I want to thank the Editors ELS blog for having me as a guest blogger this week. I appreciate the opportunity to talk about research and methods issues as they relate to my research and to our field more generally.
Today I would like to discuss the use of archival data sources to analyze judicial decision making. A good many scholars have used, or are now using, archival data -- in particular from the private papers left by retired Supreme Court justices. These papers have provided both qualitative and quantitative data that has helped us better understand the inner workings and decision making process of the U.S. Supreme Court. Such work, however, has not always been the norm.
Since the advent of the behavioral revolation with with Pritchett's analysis of the Roosevelt Court scholars have used data that is easy to locate -- namely the final votes Supreme Court justices or lower court judges cast -- to explain the decisions they make. More importantly, these data have ben widely used to predict future behavior. Clearly, through the Supreme Court and the Attitudinal Model Revisited such data have been vitally important to our field.
However, a group of scholars in the past 25 years have turned to an even richer source of data to get a grasp on judicial behavior at the U.S. Supreme Court. Following the lead of Walter Murphy in Elements of Judcial Strategy this group has conducted extensive analyses of the private papers of former Supreme Court justices. Such work has taught us a great deal about the Court's agenda setting process, its oral arguments, conference discussions, and the bargaining and accomodation process that leads to a final opinion that sets legal policy.
Both Marie Provine (Case Selection in the United States Supreme Court, Chicago: University of
Chicago Press, 1980), and Jan Palmer's work on the Court's agenda setting process relied heavily on these papers as well as justices docket books. As he notes, "The primary sources used to gather the dataset are the docket books of Burton, Douglas, Clark, and Reed. The secondary sources are the docket books of Murphy, Jackson, and Frankfurter and the conference lists of Rutledge, Burton, Douglas, and Clark. The tertiary sources include case files, cert and bench memos, and conference notes of Vinson, Reed, Douglas, Clark, Burton, and Rutledge" (Palmer 1990, 42). More recent work analyzes Justice Blackmun's docket sheets and memos from the cert. pool in an effort to better understand the degree to which clerks influence the cases the Court will hear.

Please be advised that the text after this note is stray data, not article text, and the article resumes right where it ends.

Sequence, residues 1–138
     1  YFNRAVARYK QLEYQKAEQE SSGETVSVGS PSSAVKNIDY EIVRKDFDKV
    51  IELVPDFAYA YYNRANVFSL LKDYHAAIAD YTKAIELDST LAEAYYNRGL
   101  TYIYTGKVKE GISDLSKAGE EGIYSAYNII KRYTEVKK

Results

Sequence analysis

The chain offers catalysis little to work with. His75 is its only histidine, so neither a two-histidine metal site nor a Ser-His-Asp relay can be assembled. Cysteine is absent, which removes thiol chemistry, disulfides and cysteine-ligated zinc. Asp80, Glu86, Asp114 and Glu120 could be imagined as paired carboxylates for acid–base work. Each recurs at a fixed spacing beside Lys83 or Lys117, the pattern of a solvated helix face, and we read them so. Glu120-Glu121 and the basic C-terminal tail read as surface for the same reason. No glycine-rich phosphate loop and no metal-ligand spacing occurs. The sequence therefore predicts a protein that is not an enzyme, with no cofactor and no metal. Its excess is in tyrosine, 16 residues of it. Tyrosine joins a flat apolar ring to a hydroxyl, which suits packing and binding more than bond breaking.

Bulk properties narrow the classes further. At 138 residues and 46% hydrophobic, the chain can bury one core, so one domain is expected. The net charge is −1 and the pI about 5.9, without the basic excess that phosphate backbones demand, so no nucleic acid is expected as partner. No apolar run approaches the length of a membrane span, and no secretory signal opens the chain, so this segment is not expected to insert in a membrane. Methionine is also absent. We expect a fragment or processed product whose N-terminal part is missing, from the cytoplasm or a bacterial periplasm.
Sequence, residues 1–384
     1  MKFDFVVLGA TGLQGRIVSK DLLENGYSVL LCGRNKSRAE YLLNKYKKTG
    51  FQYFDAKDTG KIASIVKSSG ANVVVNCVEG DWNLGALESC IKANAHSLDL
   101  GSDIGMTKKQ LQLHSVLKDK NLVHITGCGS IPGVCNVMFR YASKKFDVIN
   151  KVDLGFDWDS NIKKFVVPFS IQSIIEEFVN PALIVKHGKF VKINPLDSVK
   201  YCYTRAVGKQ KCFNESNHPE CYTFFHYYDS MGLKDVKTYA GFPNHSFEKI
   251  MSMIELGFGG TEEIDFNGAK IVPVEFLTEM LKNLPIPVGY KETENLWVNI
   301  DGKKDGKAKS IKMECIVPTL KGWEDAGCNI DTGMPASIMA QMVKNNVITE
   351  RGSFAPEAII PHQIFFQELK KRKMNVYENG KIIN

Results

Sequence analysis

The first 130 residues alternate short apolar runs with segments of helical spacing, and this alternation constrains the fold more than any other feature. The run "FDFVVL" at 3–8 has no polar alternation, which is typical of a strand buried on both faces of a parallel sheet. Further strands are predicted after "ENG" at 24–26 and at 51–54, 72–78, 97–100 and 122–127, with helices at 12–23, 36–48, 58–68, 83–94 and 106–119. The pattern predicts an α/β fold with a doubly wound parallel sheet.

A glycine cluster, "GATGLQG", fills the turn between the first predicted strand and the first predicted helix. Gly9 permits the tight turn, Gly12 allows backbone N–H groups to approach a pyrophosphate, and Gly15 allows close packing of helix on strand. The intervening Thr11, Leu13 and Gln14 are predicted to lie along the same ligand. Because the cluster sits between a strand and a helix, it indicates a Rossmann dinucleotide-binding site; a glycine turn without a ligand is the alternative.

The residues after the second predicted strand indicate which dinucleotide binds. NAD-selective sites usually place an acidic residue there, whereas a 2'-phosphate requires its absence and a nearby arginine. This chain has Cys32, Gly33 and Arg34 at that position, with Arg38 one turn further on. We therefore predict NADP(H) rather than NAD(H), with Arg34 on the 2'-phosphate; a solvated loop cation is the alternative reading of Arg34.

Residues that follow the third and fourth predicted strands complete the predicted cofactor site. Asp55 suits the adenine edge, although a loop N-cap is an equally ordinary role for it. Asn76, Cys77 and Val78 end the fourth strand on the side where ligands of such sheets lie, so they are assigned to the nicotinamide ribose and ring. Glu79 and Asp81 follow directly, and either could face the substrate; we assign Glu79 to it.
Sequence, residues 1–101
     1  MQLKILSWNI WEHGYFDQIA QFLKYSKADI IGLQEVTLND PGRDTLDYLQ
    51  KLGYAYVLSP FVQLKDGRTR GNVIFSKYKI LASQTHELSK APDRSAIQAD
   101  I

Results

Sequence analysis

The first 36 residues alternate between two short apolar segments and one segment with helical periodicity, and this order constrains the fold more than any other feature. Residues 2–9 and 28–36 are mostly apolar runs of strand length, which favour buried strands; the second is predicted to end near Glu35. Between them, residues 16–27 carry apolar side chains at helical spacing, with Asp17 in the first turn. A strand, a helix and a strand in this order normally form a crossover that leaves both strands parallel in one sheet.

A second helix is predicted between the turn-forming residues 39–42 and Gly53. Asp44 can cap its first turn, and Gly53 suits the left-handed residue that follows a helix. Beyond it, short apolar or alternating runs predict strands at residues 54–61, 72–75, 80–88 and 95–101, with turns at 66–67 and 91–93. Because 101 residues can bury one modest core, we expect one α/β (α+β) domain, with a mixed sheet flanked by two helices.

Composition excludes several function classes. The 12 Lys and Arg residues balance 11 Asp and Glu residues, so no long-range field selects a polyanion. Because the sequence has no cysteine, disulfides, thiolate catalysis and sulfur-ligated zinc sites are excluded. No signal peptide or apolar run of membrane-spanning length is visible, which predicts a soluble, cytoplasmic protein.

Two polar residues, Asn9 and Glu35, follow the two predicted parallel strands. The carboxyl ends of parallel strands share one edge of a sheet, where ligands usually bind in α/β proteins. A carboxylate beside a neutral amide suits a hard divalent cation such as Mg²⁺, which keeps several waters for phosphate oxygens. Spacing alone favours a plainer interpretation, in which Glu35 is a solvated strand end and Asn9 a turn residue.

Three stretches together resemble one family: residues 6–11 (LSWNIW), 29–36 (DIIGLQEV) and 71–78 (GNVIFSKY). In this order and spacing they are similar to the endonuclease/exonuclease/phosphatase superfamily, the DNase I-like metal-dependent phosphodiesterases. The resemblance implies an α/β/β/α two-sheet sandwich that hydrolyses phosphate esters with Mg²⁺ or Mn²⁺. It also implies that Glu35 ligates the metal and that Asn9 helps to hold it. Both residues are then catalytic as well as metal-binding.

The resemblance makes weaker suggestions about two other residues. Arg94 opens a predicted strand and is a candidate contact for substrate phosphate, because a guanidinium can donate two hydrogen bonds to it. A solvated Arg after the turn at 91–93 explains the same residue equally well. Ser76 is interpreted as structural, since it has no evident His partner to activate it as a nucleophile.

My own work -- which focuses on how oral arguments at the Court affects justices' decisions -- also makes extensive use of these rich archival data. For instance, Jim Spriggs, Paul Wahlbeck, and I find evidence from notes Justice Blackmun took during oral arguments that the quality of advocacy can and does affect how justices decide. For a copy of this paper, click here. This argument is based on grades that Blackmun gave to almost every attorney who appeared at the Court during his tenure.
Others have also used the justices papers to analyze conference and the opinion writing stage. For instance, Epstein and Shvetsova (2002) use the papers to analyze how justices may add issues to the agenda to reach outcomes that are more favorable for them. Similarly, Spriggs, Wahlbeck, and I show how the Chief Justice may pass on his opporunity to vote at conference to manipulate the outcome of a case.
Finally, among other work, two excellent books use the justices papers to analyze how the opinion writing and bargaining process affects Court decisions. In Choices Justices Make, Epstein and Knight (1998) use the papers to show that justices act strategically with one another as they move towards a final decision on the merits. Additonally, Maltzman, Spriggs, and Wahlbeck (2000) use papers from Justice Brennan, Powell, Marshall, and Douglas to quantitatively test how the bargaining and accomodation process affects justices' final decisions.
The point I want to make today is simply this -- there is much fine work in our field that uses archival data to explain and predict political behavior. We need to continue to think about how we can use such data -- as well as data from lower courts -- to study more parts of judicial decision making than simply final votes. As Nancy Kassop (1993) put it, "A case is more than its outcome, and the parts that came before deserve some attention for the role they played in contributing to the final result."